The aim of my detractors was to destroy my reputation, and they didn’t seem to care how they did it.

And I had no forum in which to defend myself.

When churchgoers hear accusations against their pastor, but he doesn’t answer the charges, they assume the accusations are true.

And that’s when the pastor loses most of his church friends.

Dennis Murray writes: “Antagonists see themselves as saving the parish from a pastor that could more accurately be labeled a reprobate.  They are equally determined that their fellow parish members and all the folks in the greater community see things their way.  In order to establish bragging rights they try to control the story.  They need to do so by making sure that their target does not have any opportunity for rebuttal.”

When the “fire Kim” plan backfired, the “destroy Jim” plot was put in its place.

And it worked well.

I didn’t get my side out until I published my book more than three years later … and by then, my viewpoint was irrelevant.

If I had to do it over again, I would have written out the allegations I had heard … responded to each one on paper … and then made sure that my supporters distributed them throughout the church after I left.

That might have stopped some of the lies that were circulating about me … but, of course, my detractors would have just created new ones.

One day, I received an anonymous letter in the mail.  It demanded that we both RESIGN.  Kim and I were both scheduled that night to meet with the newly-elected board, and I gave the letter to someone who tried to determine who sent it … although he never did.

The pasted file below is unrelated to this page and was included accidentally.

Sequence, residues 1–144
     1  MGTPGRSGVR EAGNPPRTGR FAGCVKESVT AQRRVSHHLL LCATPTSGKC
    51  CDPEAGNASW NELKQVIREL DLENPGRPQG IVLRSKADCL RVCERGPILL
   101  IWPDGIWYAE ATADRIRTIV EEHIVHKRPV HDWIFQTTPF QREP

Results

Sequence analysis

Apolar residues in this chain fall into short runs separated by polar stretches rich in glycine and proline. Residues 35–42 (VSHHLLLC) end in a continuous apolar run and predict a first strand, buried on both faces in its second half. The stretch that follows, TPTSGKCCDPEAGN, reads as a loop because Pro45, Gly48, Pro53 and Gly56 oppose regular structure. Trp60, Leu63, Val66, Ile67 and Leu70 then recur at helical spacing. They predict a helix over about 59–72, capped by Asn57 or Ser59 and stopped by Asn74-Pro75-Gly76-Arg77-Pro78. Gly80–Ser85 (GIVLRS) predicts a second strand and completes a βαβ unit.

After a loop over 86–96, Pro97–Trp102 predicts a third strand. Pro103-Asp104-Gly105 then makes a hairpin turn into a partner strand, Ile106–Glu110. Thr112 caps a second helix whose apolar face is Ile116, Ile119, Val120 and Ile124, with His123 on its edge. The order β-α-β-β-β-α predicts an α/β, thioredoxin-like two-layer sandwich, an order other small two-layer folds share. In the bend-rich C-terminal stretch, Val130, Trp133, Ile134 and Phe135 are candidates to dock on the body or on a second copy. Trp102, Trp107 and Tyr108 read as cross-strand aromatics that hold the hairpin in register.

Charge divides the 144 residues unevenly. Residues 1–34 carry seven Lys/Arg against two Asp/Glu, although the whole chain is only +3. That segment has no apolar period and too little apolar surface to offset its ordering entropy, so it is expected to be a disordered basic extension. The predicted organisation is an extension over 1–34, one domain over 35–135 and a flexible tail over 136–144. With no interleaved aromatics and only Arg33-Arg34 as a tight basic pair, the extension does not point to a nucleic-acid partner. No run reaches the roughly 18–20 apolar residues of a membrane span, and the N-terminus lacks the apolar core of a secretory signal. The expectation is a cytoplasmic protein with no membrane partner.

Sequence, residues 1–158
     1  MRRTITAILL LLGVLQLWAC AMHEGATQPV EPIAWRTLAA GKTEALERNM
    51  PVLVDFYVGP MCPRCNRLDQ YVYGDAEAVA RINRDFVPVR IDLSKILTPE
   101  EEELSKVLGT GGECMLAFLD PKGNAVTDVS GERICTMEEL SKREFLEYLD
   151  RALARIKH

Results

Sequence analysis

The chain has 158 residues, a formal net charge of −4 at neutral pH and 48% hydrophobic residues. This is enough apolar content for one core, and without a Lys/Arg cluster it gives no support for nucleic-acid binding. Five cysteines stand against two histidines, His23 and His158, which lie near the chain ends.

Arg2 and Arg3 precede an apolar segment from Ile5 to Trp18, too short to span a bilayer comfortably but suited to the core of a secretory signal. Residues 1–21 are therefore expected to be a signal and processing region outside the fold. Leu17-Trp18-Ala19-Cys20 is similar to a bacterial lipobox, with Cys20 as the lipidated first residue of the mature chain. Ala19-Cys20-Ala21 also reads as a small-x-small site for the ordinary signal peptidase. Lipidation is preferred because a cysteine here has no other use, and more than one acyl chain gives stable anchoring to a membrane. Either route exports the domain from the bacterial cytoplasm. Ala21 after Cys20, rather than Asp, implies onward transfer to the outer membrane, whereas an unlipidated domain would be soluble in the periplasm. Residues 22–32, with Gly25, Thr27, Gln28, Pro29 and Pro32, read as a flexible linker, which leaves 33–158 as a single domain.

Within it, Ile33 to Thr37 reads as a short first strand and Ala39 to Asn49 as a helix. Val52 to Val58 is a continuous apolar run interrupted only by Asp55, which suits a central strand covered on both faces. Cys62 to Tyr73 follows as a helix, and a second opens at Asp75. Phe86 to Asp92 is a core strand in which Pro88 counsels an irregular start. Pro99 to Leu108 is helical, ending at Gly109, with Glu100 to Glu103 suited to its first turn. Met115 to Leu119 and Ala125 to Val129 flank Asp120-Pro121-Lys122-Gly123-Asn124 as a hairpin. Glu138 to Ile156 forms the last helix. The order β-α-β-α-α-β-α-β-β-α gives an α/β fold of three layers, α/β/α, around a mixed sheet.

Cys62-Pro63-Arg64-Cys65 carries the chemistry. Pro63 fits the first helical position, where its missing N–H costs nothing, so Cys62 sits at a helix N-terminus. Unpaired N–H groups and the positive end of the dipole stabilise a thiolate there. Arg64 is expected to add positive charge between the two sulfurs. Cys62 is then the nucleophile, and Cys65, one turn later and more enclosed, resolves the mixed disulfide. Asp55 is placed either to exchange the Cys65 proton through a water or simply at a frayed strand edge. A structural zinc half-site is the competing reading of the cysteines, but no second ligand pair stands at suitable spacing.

Kim met with the new board … they even prayed for her … and I met with them afterwards to announce my resignation.

We both appeared to be stubborn at times in our interactions with top leaders, but our seeming intractability wasn’t personal obstinance.  Instead, we were both completely committed to the church’s outreach mission which had been approved eight years before.

On my last Sunday, I urged the church to keep its outreach orientation.

But as soon as we left, our ministries were dismantled and the church quickly flipped back into maintenance mode.

What lessons have you learned from this experience?

Let me share four lessons as they relate to a church’s mission:

If a church really wants to reach its community, that mission must stay on track at all times.

Kim and I had learned this lesson at our church in Silicon Valley.

The staff, board, and key leaders were completely behind the mission of reaching lost people … on paper and in practice.